• Auditorium classes: Students first try to solve the scheduled assignments themselves before each class and then during the class solve the same tasks under the guidance of the lecturer. If necessary, the lecturer suggests next solution steps, corrects mistakes, points out typical mistakes, indicates alternative solutions, provides additional explanations, initiates discussions on the results.
  • Project classes: By doing laboratory exercises, students learn about various tools available. While performing projects, students learn to formulate decision-making tasks, build correct models, select appropriate methods and on for solving them. If necessary, the lecturer gives guidance. While working in a group on projects, students learn to allocate tasks and coordinate activities in teams. Writing reports on exercises and projects, students learn to formulate observations and conclusions.
Warunki i sposób zaliczenia poszczególnych form zajęć, w tym zasady zaliczeń poprawkowych, a także warunki dopuszczenia do egzaminu:
  1. All grades are calculated according to the scale compliant with the regulations of the AGH studies. A score of 50% is required to obtain the lowest passing grade (satisfactory, 3.0).
  2. To pass the auditorium exercises, students need a positive total score from all tests. On each test, questions may concern all issues considered in the class, from the beginning of the semester. The overall rating is determined as a simple average of all grades. Oral answers allow students to get additional points for the overall assessment.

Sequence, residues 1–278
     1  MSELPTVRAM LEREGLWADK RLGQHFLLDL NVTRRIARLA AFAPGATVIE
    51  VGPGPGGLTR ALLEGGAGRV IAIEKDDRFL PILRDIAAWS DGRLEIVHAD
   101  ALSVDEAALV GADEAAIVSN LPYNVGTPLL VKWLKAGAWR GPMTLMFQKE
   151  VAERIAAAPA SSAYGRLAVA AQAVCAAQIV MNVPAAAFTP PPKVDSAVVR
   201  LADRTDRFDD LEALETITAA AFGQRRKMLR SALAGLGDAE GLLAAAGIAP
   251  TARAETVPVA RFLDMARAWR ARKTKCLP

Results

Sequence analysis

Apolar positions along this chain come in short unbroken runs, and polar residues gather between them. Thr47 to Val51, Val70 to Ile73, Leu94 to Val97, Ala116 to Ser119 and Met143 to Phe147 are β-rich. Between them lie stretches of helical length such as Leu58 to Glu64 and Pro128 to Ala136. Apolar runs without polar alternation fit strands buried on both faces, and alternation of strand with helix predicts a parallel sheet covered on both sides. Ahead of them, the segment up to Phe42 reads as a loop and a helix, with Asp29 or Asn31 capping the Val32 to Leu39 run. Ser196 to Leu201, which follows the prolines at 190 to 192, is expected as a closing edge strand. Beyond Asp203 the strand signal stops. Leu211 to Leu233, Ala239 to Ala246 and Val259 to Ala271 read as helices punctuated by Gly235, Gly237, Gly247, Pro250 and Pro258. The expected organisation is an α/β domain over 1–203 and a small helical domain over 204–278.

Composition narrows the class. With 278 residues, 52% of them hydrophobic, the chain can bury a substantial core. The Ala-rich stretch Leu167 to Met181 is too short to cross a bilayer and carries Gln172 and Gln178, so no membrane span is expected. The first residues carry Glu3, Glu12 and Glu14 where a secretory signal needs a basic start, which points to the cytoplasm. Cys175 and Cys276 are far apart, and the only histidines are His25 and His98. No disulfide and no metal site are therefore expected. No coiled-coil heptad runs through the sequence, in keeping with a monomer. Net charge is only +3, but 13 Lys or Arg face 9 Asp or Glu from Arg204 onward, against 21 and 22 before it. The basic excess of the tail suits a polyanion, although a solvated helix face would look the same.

3. To pass the project classes students have to complete all the laboratory and project assignments, prepare reports and pass each assignment. The final grade is determined as a weighted average of grades for all assignments.
  4. If the student does not pass any form of classes at the required date, he/she is entitled to write a retake in a form agreed with the lecturer.
Participation rules in classes:
  • Lectures:
    – Attendance is mandatory: No
    – Participation rules in classes: Students listen to the lecture, and if they do not understand something they should ask questions. If the lecturer asks questions or initiates discussion, students should present their opinion. During the lecture, students should make their own notes, especially when solving tasks on the board. The script for each lecture, in the form of a PDF file, is available before the lecture. While discussing its content, notes may be limited to the student's own observations. After the lecture, and sometimes before, students should read the recommended reading material. It is not allowed to record or film a lecture without the consent of the teacher.
  • Auditorium classes:
    – Attendance is mandatory: Yes
    – Participation rules in classes: Before the exercises, students should recall the content of earlier lectures and try to solve the scheduled assignments. During the exercises, when one of the students solves the and on at the whiteboard, others solve them in parallel in their notebooks. Students should report their doubts on whether the solution presented on the whiteboard is correct, ask for additional explanations if they do not understand the solution method.
  • Project classes:
    – Attendance is mandatory: Yes